Since interviewing concert fans or exploring live music in this way is a relatively new approach to writing about live music, I stick close to the trail blazed by one of my heroes, the late Studs Terkel. He was a master at talking with the common person. And I’ve used many of his books like Working and Division Street as guides on how to listen to concert fans and how to get them to talk about their favorite shows. I also closely study the work of NPR’s Terry Gross on Fresh Air and in her book All I Did Was Ask.
I’ve had lots of fun these last three years and I’m honored that readers, bands and fans, have enjoyed my experimental take on live music. I’m always trying to make sure that the blog is a mix that’s fresh, fun, entertaining and challenging. And I hope that a Live Fix post makes you think differently about why we all live going to concerts.
Tell us more about what live concert “experiments” are. How do they challenge the way people typically think of live music?
The experiments are an extension of the “explore and examine” part of Live Fix. I started doing “experiments” because I saw the live show as a great sort of live and organic Petri dish where I could test and explore the past, present and future of the concert experience.
There’s so much that we experience during a show and things happen so fast, that we don’t usually have time to reflect on why a certain concert was amazing or completely sucked. So the experiments are a great way to stop and dig deeper so we can learn, laugh or even make our next concert experience better and more enlightening. I used the word “experiment” loosely only because it implies that we’re going to push boundaries and possibly discover something new. The experiments aren’t always scientific, but each one always aims to challenge the concertgoing status quot in a fun and interesting way.
What’s one experiment or article you’ve done as part of Live Fix that you’re particularly proud of, and why?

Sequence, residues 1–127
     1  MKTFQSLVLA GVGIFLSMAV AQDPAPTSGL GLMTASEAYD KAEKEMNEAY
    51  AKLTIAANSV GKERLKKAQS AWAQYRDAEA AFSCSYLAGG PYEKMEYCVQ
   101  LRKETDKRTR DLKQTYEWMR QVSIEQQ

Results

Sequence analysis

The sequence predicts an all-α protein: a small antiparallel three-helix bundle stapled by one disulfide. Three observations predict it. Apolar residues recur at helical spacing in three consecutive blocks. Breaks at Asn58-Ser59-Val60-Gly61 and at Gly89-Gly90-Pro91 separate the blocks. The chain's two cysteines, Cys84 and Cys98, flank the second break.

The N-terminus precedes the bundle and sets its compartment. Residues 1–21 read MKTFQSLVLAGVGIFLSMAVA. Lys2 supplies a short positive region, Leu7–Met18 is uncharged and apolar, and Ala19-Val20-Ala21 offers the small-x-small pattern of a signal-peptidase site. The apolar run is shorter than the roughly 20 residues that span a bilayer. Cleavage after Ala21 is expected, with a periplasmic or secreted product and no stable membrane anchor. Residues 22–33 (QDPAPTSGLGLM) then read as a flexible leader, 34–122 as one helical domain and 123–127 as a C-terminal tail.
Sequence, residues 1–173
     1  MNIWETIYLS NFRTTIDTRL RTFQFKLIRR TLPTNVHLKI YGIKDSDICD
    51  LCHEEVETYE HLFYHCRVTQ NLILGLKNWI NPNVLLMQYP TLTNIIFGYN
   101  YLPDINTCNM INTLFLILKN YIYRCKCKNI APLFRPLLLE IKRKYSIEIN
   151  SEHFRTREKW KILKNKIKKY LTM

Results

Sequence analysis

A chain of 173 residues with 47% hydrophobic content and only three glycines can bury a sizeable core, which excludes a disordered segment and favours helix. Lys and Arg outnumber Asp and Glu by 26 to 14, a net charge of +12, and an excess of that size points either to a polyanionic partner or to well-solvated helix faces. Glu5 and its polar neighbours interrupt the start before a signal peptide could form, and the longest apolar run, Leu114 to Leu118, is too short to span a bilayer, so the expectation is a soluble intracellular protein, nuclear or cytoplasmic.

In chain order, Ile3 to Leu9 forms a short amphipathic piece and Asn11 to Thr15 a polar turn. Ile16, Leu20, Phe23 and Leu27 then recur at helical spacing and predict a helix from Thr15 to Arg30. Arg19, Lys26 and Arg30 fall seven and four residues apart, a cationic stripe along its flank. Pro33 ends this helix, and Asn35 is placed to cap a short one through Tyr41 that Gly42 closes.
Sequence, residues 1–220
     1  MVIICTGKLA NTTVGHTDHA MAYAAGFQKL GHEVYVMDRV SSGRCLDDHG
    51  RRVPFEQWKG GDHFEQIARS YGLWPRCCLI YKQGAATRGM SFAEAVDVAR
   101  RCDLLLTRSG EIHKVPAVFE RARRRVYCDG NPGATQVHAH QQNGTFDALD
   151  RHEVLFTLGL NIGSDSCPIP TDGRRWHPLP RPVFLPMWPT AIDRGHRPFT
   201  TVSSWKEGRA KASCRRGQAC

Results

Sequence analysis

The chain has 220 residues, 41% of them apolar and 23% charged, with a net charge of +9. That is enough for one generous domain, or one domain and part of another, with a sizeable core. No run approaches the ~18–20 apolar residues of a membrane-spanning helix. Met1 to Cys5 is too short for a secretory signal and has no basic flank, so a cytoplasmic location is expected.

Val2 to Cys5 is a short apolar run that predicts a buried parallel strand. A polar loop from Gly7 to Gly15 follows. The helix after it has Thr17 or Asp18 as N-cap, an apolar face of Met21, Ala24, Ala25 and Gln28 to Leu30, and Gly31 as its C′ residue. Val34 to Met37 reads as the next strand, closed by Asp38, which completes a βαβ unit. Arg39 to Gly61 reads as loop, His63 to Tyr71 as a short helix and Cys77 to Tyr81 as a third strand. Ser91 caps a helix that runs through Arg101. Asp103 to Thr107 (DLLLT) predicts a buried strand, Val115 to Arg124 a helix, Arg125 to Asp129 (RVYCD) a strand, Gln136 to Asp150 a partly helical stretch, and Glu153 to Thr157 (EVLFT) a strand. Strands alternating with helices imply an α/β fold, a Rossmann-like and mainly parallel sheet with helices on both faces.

I have to pick just one? [laughs]. Since I’ve got several favorites, I’ll go with these six since they come to my mind right away and they’ve been some of the most read posts.
1. Bon Iver and the Power of the Little Things — ongoing series about the impact of the lesser know but important parts of concerts.
2. The Dancing Guy – I had the chance to guess and be wrong. Which led me to actually have a fantastic interview with the Dancing guy himself and learn all about fan self-expression at concerts.
3. The Live Tweeting During Matisyahu – This is concert fans at their creative best and I unexpectedly connected with a fan through a Live Twitter experiment I was doing.
4. Don’t Do This at Your Next Concert - This moment caught me at a Miike Snow show completely off guard. And I still wish I could talk to the fan who poked me in the stomach.
5. Sensual Smack Down With Michigan State Police at Rothbury – Always beware of the cops when you’re at a music festival and don’t count on your Twitter followers to care at all either.
6. Secrets To the Oprah Flash Mob In Chicago: An interview with one of the Flash Mob Dancers about what it was like to train and participate in the dance.
When it comes to live music experiences you’ve had that stand out as particularly memorable or unique, what comes to mind for the following?
I love asking this questions and now I realize how hard it is to answer it [laughs]. Off the top of my head I would say:
- - Most amazing/biggest “wow” moment? Seeing any Saul Williams concert the guy can make a concert transcending like no other. I also love seeing Radiohead for the first time at Lollapalooza 2008. I did a “no eyes” experiment and it made the show completely awesome!